The Alice Network by Kate Quinn

Cover of The Alice Network by Kate Quinn

Cover of The Alice Network by Kate Quinn.

In The Alice Network, Kate Quinn tells two parallel stories, one set in World War I and the other just after World War II, in alternating chapters.  The book begins in 1947, when the American college student Charlie St. Clair, pregnant and unmarried, arrives in London with her mother, on her way to a Swiss clinic where she has an appointment to end her pregnancy, to avoid social embarrassment for her wealthy family.  Charlie is not sure that is what she wants, though.  She is devastated by the suicide of her brother after his traumatic experiences in World War II, and her failure—as she sees it—to help him more.  And she is determined to discover what happened to her French cousin Rose, who disappeared in occupied France during the war.  Charlie holds on to a slim hope that her cousin might still be alive.  So she sneaks away from her mother and finds a woman who might know something about what happened to Rose.  This is Eve Gardiner, a bitter, hard-drinking, gun-toting woman in her fifties with damaged hands.  At first Eve is hostile to Charlie, and it seems like she will do nothing for her, but then, after Charlie tells her that Rose worked in a restaurant owned by a man named René, Eve decides to help her after all.  Charlie, Eve, and Eve’s driver, a handsome Scotsman named Finn, drive through the French countryside in search of Rose.  Kate Quinn’s descriptions of the French countryside are breathtaking.

In the other story line, we learn about the young Eve’s experiences as part of an all-female spy network in World War I.  Eve is orphaned, works as a file clerk in London, looks much younger than her actual age, and talks with a stutter.  Because of this, everyone underestimates her, until Captain Cameron comes along and recognizes her potential as a spy.  She is fluent in French and German, even though she pretends not to know German.  Cameron recruits her for the spy network, which is run by Lili, who uses the code name Alice Dubois.  Eve takes a job as a waitress in a restaurant in the German-occupied city of Lille.  The restaurant caters to German officers, and Eve learns much valuable information, including plans for an eventually unsuccessful attack on the Kaiser, which she passes on to Lili, who in turn gives it to the Allied authorities.  Eve’s career as a spy goes well until the restaurant owner, René Bordelon, takes an interest in her.  Eve is forced to sleep with René, a collaborator and profiteer, in order to obtain even more valuable information from him than she did from the officers.  But how long can she keep her identity a secret and avoid exposing the spy network?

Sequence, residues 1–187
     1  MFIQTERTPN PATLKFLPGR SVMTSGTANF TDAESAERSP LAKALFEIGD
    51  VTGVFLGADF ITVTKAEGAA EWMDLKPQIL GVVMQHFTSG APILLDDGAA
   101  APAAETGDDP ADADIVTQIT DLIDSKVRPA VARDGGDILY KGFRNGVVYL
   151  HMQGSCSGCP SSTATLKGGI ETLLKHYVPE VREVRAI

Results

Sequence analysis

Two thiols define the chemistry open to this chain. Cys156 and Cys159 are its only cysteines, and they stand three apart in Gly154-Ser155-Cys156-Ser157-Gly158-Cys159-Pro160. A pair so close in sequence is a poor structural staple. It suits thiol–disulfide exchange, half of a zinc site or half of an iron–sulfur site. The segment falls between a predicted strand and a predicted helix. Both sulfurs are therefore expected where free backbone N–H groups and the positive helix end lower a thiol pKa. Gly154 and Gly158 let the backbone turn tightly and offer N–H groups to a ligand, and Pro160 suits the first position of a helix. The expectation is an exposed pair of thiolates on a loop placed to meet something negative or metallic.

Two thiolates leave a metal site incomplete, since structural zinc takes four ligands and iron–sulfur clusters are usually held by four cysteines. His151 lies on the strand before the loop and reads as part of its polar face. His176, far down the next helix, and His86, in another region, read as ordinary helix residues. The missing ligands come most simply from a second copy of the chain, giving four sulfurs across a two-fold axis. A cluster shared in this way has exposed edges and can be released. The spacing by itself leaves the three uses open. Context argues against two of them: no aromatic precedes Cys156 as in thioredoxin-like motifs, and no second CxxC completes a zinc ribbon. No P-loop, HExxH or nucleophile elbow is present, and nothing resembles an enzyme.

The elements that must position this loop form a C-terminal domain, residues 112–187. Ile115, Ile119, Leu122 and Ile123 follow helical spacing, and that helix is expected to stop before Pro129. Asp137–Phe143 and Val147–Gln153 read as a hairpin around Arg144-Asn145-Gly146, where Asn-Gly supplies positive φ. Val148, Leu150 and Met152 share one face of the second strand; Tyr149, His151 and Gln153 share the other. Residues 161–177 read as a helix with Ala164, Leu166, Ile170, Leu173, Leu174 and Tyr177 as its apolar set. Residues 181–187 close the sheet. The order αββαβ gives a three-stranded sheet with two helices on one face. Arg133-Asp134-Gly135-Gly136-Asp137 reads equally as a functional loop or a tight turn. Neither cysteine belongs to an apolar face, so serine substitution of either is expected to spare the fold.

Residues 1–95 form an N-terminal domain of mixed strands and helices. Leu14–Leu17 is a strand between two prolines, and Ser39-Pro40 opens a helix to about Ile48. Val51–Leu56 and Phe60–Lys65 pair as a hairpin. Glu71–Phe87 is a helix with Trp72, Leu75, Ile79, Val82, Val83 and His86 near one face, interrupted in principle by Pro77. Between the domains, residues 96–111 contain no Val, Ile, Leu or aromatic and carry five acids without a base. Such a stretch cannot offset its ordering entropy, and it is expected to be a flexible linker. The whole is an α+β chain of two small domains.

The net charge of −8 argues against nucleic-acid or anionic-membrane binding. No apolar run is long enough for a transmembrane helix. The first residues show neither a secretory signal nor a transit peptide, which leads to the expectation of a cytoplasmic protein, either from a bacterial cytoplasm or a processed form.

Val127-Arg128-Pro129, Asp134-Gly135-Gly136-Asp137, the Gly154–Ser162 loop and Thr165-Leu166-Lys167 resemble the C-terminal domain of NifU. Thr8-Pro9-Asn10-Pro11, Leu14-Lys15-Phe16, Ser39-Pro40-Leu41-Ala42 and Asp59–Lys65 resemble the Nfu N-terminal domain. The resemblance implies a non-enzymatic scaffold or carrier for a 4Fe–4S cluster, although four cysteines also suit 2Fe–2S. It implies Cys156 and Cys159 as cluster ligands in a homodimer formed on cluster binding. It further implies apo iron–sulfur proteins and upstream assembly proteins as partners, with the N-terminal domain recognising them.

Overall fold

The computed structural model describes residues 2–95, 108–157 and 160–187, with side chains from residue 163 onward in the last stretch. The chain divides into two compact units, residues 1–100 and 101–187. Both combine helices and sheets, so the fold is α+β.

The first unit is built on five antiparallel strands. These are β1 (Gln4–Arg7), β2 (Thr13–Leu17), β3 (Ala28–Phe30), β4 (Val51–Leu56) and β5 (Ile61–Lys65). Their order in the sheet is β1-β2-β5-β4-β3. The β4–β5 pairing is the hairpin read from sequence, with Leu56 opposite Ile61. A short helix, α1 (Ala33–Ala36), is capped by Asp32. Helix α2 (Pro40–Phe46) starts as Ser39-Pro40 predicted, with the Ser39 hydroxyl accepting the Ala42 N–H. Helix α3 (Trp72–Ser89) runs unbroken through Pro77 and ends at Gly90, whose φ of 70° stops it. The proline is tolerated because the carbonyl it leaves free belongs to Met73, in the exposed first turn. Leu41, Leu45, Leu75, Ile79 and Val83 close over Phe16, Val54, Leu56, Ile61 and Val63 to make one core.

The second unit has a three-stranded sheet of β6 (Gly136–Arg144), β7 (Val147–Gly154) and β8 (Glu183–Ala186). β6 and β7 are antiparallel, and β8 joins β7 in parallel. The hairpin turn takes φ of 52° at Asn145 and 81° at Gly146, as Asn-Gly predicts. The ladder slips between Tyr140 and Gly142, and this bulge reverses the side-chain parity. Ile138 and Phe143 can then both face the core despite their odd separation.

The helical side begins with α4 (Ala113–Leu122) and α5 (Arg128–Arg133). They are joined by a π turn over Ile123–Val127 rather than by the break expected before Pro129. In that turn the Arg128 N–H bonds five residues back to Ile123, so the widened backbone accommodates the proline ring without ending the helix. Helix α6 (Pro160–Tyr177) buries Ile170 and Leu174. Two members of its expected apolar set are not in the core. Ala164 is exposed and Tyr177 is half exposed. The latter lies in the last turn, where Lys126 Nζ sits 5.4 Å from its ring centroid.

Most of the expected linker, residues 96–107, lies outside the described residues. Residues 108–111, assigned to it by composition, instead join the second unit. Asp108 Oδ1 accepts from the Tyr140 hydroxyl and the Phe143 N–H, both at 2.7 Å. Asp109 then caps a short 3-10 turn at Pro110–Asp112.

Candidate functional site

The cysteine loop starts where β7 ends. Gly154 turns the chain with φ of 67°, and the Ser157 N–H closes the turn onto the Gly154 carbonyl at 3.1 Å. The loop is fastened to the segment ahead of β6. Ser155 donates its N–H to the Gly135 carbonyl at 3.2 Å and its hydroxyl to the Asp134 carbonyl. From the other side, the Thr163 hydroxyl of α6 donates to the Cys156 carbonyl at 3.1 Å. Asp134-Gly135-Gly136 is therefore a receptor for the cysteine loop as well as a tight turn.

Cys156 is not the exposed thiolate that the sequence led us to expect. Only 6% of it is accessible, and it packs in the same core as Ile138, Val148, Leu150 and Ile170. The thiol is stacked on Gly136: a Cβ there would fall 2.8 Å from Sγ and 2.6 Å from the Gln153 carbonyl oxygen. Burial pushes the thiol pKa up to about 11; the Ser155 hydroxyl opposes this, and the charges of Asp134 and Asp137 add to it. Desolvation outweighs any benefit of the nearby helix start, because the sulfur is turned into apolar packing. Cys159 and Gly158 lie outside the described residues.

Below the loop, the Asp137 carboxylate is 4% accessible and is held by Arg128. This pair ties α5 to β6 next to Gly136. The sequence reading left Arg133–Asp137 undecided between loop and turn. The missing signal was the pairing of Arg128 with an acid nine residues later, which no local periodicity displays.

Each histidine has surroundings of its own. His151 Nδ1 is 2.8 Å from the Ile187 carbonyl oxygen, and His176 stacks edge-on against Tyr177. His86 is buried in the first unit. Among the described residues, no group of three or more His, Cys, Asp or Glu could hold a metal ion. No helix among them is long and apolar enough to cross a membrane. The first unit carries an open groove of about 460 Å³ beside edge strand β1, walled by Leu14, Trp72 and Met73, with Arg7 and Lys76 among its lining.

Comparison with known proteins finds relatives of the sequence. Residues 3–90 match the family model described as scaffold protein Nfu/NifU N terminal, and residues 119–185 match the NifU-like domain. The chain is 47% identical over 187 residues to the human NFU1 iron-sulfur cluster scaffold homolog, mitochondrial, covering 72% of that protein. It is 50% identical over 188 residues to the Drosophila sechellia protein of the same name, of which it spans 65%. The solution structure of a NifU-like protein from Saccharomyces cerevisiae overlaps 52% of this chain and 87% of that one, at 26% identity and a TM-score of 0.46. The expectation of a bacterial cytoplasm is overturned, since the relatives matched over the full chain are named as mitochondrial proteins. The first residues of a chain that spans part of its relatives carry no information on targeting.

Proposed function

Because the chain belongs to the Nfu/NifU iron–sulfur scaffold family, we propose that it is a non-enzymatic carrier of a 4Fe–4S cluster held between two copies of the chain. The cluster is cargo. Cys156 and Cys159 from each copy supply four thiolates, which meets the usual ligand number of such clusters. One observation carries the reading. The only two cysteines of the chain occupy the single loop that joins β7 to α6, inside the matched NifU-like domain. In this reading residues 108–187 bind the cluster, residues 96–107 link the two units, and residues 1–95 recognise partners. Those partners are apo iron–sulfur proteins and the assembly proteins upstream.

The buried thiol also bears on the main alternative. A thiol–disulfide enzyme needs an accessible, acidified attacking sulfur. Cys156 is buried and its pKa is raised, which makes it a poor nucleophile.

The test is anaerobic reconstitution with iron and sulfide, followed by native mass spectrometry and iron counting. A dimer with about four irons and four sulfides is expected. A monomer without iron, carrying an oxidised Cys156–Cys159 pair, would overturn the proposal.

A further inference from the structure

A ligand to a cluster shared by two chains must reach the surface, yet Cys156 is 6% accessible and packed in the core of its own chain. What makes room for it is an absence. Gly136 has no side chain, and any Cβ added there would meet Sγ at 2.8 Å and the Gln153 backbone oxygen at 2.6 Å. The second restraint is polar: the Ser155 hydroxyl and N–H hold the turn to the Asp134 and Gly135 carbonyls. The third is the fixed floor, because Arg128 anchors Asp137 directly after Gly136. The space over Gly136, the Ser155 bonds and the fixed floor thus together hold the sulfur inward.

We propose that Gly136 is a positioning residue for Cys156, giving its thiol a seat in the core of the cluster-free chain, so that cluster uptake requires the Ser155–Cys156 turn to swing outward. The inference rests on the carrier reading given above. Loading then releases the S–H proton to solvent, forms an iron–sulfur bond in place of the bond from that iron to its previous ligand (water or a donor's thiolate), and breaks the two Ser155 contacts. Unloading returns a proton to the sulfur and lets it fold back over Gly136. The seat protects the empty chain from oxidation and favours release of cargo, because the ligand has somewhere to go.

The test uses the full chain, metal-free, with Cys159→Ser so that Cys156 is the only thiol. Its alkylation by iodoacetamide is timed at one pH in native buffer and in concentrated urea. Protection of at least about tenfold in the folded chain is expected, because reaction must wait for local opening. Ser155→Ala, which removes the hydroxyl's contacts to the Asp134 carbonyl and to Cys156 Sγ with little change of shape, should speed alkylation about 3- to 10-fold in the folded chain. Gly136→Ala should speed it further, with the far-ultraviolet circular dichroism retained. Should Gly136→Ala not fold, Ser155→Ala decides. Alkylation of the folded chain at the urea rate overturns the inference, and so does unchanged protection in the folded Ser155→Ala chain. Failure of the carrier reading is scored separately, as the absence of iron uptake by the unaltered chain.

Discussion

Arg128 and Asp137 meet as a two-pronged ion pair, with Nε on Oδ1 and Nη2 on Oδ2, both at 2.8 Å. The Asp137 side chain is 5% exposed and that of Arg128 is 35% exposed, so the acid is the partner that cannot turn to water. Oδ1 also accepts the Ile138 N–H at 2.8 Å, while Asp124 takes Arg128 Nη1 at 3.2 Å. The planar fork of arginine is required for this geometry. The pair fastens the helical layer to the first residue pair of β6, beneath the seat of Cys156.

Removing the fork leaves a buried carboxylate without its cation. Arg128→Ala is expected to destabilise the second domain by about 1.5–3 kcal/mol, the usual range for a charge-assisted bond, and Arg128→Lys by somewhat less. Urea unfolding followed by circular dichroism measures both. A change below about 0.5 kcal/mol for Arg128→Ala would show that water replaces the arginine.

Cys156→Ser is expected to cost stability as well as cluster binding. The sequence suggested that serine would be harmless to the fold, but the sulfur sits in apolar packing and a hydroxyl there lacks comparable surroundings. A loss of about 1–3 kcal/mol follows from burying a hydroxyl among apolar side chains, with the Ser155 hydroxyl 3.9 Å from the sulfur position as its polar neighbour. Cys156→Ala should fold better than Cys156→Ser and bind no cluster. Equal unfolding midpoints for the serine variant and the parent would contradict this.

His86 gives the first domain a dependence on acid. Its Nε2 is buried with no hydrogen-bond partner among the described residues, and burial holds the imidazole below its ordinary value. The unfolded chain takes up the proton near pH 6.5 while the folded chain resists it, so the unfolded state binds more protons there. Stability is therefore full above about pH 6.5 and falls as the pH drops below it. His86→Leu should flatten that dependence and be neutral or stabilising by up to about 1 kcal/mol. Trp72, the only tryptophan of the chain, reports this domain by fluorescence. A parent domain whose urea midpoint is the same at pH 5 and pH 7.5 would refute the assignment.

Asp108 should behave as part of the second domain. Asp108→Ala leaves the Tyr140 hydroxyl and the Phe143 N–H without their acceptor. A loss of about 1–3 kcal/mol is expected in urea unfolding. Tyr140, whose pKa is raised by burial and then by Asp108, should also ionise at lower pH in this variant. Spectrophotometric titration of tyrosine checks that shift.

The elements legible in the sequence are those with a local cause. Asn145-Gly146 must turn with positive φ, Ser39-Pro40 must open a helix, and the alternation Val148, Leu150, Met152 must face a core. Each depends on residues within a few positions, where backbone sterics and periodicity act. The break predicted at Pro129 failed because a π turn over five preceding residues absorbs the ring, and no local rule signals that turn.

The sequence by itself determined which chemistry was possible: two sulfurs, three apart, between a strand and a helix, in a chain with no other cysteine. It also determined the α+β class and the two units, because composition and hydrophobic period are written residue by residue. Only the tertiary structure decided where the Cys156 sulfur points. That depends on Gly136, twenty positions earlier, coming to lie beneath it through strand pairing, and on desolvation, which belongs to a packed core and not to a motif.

Many years later, when Charlie tells her Rose’s story, Eve realizes that the René that Rose worked for is her old enemy, a man she thought was dead.  Now Eve is determined to get revenge on him.  But René has changed his last name and always seems to be one step ahead of the authorities.  Meanwhile, Charlie begins to have feelings for the driver, Finn, and she thinks she might want to keep her baby, after all.  It all leads to an explosive conclusion, which proves very satisfying.

The Alice Network is a wonderful tribute to the courageous women who served their country as spies during World War I and risked their lives in order to pass on vital secrets about enemy activity.  These women knew they could face the firing squad if captured.  The details of how they worked are fascinating: leaving messages on a thin piece of paper wrapped around a hairpin, or between the pages of a book.  I admit I found Eve’s story more compelling than Charlie’s, and, from other people’s reviews, I can see I am not alone in that opinion.  But Charlie’s story is suspenseful in its own way, as you wonder how the older Eve got to be the way she is, what form her revenge will take, and whether Rose is still alive or not.  Parts of the book are not for the squeamish: there are horrific scenes of torture and a massacre in a French village.  But it is a well-written, suspenseful novel, and I highly recommend it to anyone who enjoys novels about World War I or World War II.  I also recommend Quinn’s other novels: her Empress of Rome series and her two novels about the Borgias.

The Alice Network is available from the Browsing Collection in the Shapiro Undergraduate Library.